Friday 30 September 2016

I thought I was going to die, reveals Cliff Richard in first interview about sex abuse allegations

Lydia Willgress

Published 21/06/2016 | 07:13

Cliff Richard: wants complete review of police procedures. Photo: PA
Cliff Richard: wants complete review of police procedures. Photo: PA
Sir Cliff revealed the toll the inquiry took on his health

Cliff Richard has revealed he thought he was “going to die” in the months after being told he was facing sex abuse allegations, as he said a police apology would never truly alleviate what he has been through.

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The singer, 75, opened up about his “two years of hell”, which included a public raid on his Berkshire home, in his first interview since being told prosecutors had “insufficient evidence” to pursue the claims.

In an interview with the Daily Mail, Sir Cliff spoke candidly of the moment he was told in August 2014 that officers had a warrant to raid his UK property while on holiday with his sister and friends in Portugal.

He revealed he immediately told his apartment block manager to let the police in as he didn’t want them “smashing the door down”. He did not know the raid, along with the revelation he was facing sex abuse allegations, would be broadcast publicly until the calls started. He was then forced to watch BBC news footage of the search on his home, with police removing items including postcards from his mother and private notes from Princess Diana.

“I didn’t vomit but the greatest knot in the stomach arrived,” he said. “It was like a boulder. You know, you just have that: “God, what is happening to me?”’

The singer was taken back to his Portuguese villa but said despite immediate media attention, the accusation did not sink in until the following day. “That was the moment of my biggest despair,” he said. “I just collapsed. I couldn’t image what depression was like, but I have an idea now. I felt as though I was in this hole and I had no means of getting out.”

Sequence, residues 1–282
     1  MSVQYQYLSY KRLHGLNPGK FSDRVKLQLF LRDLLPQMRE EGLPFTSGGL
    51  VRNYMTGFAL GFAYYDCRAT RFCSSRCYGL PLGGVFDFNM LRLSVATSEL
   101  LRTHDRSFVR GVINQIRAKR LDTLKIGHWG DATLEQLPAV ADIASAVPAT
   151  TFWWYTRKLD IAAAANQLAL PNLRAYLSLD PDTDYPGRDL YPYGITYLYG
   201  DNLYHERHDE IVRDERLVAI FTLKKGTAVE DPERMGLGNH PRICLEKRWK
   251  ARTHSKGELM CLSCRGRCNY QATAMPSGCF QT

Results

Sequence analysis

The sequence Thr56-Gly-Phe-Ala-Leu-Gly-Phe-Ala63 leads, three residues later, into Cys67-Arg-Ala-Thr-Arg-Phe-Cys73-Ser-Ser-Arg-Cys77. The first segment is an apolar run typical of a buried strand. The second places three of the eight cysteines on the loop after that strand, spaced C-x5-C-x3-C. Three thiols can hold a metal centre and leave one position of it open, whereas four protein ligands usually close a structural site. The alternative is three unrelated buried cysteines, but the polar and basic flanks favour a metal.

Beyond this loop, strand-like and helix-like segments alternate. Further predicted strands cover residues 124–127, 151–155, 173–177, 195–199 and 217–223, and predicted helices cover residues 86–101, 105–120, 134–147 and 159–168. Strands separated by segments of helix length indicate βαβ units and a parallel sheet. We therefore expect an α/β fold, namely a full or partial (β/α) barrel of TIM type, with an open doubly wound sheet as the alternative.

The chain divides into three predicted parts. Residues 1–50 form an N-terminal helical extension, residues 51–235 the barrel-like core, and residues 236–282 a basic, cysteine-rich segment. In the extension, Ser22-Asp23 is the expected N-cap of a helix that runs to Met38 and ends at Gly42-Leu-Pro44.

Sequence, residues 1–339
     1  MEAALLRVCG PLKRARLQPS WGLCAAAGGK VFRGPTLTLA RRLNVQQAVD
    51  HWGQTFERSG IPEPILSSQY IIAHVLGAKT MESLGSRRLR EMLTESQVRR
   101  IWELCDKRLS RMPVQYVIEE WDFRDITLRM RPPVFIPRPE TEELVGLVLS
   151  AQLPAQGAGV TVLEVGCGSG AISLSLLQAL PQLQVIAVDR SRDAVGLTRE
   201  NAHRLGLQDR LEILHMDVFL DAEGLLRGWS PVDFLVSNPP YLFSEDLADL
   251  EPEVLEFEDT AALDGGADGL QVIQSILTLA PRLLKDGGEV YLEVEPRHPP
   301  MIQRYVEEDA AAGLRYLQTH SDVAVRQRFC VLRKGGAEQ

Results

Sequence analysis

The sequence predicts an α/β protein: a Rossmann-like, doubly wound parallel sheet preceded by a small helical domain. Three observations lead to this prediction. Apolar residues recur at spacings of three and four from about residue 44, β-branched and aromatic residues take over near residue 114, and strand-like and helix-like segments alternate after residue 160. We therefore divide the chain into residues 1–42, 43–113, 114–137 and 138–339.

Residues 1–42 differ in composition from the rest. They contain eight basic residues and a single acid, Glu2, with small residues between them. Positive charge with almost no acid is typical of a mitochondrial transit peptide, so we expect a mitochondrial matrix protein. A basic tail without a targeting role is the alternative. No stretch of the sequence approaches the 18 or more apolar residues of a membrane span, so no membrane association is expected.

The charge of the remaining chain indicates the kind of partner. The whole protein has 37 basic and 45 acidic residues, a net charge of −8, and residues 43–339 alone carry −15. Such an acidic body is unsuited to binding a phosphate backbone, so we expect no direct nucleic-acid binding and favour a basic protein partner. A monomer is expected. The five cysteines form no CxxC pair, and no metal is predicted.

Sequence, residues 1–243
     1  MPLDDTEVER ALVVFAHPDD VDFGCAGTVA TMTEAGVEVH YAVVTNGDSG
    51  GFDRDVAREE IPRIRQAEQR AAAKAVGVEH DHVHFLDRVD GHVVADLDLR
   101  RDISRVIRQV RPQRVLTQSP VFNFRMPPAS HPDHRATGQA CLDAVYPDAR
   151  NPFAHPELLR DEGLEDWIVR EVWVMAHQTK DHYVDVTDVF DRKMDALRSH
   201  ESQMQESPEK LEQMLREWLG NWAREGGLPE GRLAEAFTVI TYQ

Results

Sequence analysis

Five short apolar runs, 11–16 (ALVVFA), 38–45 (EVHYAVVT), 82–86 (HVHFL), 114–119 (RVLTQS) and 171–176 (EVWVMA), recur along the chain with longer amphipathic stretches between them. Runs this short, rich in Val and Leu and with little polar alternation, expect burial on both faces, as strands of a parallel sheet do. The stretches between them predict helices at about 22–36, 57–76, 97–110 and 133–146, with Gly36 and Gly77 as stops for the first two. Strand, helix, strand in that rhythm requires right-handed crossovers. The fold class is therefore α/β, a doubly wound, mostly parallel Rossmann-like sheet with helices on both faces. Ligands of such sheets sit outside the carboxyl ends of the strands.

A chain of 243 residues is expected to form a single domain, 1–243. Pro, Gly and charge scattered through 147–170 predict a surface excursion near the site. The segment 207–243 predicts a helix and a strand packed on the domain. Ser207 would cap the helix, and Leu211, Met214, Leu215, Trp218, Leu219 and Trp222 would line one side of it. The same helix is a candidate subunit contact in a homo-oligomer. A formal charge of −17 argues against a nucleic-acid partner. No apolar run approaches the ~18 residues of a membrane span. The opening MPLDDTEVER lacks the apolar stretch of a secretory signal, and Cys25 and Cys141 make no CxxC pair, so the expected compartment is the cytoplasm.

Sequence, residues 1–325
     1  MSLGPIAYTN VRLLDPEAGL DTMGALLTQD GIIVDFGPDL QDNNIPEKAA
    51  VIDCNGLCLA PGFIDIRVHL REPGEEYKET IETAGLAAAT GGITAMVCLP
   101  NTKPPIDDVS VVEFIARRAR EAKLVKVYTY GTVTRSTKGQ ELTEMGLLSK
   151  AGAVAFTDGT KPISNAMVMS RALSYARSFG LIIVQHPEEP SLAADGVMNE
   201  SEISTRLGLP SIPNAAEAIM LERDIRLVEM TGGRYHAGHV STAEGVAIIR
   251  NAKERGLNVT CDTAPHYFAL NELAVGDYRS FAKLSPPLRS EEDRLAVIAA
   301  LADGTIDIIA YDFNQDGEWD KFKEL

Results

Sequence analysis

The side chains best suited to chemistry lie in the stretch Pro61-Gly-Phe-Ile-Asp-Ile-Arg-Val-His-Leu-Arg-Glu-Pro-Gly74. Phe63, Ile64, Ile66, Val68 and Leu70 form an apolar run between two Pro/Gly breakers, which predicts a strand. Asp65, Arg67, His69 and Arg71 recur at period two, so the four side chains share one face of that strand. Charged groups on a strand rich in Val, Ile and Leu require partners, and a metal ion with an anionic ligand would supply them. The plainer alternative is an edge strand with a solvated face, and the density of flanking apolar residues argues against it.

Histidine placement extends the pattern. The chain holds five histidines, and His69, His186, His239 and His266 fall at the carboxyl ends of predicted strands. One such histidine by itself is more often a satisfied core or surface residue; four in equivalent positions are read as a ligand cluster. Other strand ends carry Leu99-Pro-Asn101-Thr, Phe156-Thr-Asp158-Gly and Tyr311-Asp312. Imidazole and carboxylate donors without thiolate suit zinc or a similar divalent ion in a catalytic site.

The following months would be the start of a two-year police investigation, which cost an estimated £800,000. It emerged later that four men had made allegations dating between 1958 and 1983.

At times, Sir Cliff said he did not know how he could face the future. The ordeal caused him to lose weight - so much he felt he was “disappearing” - and he became increasingly concerned for his physical and mental wellbeing. “I couldn’t understand what was happening to me. I thought I was going to die,” he said.

On Thursday, it was announced Sir Cliff would not face any charges as the Crown Prosecution Service threw out the allegations after just a month of considering them. The decision prompted South Yorkshire Police to apologise “wholeheartedly for the additional anxiety caused” to Sir Cliff by the force’s “initial handling of the media interest”.

But it did little to appease the veteran entertainer, who described himself as being treated like “live bait”. He also said he felt like he was guilty until proven innocent throughout the ordeal.

He is now hoping he can move on and put the allegations behind him, although he accepts he will never be able to forget what happened.

Telegraph.co.uk

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